Pretty sounds live alongside freakish modulations in a phaser, flanger, and filter combo with super-impressive range.

Fantastic range of phase, flange, and filter tones that span conventional and radical sounds. Cool, practical, and functional trip switch. Beautiful design.

Some tones tend toward metallic, which might put off classicists.


Death By Audio Disturbance


Somehow I sense that the Death By Audio team would appreciate that I wrote the review for their new Disturbance on the day I got a root canal. Dental drills whirring, bright lights, and flying spittle—this is the stuff of many DBA products. Yet the ominously named Disturbance—which manages to be a phaser, flanger, auto wah, and a sort of cocked-wah filter all in one—is actually capable of sounds that fall squarely in the category of beautiful. And like almost all DBA effects, it’s also capable of radical and jarring tones. Its ability to span these extremes is the Disturbance’s strength.

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Separate, stackable custom-voiced circuits make a strong and crunchy case for two being better than one.

Recorded direct into Focusrite Scarlett 2i4 interface into GarageBand.
Clip 1: Channel 1: gain 2 o’clock, tone 12 o’clock, level 1 o’clock. Channel 2 (engaged at :20 to :30): gain 2 o’clock, tone 11 o’clock, level 3 o’clock, freq 2 o’clock, sub level 4 o’clock.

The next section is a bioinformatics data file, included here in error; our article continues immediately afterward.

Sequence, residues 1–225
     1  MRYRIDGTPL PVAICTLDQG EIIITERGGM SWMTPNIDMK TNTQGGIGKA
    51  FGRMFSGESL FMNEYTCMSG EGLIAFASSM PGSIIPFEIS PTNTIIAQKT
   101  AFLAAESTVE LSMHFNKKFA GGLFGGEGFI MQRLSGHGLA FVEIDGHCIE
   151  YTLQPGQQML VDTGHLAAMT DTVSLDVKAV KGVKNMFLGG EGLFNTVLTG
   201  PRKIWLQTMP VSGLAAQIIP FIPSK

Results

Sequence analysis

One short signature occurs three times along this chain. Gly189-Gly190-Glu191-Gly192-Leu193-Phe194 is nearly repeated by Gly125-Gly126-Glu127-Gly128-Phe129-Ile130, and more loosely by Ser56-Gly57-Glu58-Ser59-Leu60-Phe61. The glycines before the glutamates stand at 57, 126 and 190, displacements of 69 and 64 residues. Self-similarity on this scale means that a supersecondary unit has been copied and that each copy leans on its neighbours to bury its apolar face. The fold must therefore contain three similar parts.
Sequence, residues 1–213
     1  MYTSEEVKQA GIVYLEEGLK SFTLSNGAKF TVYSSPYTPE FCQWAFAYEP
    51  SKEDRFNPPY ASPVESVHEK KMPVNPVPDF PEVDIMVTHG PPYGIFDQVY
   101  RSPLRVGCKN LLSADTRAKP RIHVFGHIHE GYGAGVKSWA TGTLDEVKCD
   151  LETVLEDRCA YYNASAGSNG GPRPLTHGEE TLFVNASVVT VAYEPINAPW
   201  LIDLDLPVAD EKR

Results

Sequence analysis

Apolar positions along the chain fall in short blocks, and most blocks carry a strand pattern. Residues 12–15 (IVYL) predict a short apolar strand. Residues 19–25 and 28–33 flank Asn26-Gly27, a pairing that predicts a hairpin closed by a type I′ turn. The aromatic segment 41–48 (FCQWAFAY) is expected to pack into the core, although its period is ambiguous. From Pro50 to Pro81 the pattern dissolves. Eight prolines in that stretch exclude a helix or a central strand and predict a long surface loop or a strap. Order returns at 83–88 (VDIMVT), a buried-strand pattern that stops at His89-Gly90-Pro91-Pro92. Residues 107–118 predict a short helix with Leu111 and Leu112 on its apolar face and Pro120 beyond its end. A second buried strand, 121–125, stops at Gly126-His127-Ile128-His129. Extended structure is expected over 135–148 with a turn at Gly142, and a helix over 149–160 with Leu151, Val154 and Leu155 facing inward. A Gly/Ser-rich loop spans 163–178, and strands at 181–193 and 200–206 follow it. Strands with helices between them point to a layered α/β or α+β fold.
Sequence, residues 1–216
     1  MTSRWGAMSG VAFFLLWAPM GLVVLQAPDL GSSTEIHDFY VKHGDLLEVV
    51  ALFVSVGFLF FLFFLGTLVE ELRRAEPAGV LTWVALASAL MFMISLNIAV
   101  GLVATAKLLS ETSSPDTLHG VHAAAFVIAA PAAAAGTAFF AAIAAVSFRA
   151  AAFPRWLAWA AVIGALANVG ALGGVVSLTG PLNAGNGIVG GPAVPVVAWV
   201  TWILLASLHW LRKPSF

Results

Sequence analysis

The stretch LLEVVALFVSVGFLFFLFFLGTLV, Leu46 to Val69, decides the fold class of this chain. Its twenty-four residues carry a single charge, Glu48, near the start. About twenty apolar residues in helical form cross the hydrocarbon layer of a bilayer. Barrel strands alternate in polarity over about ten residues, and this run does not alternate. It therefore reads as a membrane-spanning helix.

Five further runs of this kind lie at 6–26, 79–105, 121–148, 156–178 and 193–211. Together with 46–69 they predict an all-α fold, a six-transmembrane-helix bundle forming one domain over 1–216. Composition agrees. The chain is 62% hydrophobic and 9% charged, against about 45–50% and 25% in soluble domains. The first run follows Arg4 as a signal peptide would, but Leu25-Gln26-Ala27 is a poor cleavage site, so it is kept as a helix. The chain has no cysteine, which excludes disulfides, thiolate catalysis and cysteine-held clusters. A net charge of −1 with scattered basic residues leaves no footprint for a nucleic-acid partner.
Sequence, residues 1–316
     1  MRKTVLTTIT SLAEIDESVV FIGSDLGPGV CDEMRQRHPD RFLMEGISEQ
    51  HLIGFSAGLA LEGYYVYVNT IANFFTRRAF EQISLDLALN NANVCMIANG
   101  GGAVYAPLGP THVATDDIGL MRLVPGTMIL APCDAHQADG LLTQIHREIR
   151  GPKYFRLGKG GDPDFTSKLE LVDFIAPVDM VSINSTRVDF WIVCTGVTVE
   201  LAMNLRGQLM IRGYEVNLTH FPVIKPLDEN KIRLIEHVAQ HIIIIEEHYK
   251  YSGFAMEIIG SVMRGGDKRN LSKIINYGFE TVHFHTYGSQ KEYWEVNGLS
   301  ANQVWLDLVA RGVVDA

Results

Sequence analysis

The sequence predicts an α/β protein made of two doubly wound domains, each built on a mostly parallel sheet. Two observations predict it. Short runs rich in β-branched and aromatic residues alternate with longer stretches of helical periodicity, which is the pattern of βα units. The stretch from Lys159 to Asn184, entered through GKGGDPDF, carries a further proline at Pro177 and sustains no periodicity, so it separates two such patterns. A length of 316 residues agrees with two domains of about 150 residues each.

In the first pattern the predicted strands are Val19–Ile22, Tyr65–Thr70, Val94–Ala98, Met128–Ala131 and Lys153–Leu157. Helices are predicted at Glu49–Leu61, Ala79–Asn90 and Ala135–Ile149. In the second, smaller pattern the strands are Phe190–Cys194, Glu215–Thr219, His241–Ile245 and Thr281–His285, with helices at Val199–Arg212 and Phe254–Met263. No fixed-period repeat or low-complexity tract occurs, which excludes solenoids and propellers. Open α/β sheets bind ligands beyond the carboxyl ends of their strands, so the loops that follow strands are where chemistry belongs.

Clip 2: Channel 1: gain 12 o’clock, tone 2 o’clock, level 2 o’clock. Channel 2 (engaged at :20 to :40): gain 12 o’clock, tone 3 o’clock, level 3 o’clock, freq 12 o’clock, sub level 12 o’clock.


Dual distortion circuits. LED position markers. Variety of distortion flavors. Gain dials have balanced/even sweep.

A bit pricey if both distortions aren’t being utilized.


Fender Trapper Bass Distortion


Ease of Use:


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Fig. 1

Here's how to clean up low-end mud and add definition to mixes.

Welcome back to the Dojo. This time we're going to look at the mighty high-pass filter (HPF) and how you can use it to clear out muddy, low-end frequency build-up in your mix, and get more separation between your guitars, bass, and kick drum.

A high-pass filter does exactly what the name implies: It attenuates the low frequencies while allowing the higher frequencies to “pass through" and be heard. You can find HPFs in many different places, but the best place to look is an EQ (either analog or digital). All DAWs come with EQs, so put one on your track and follow along.

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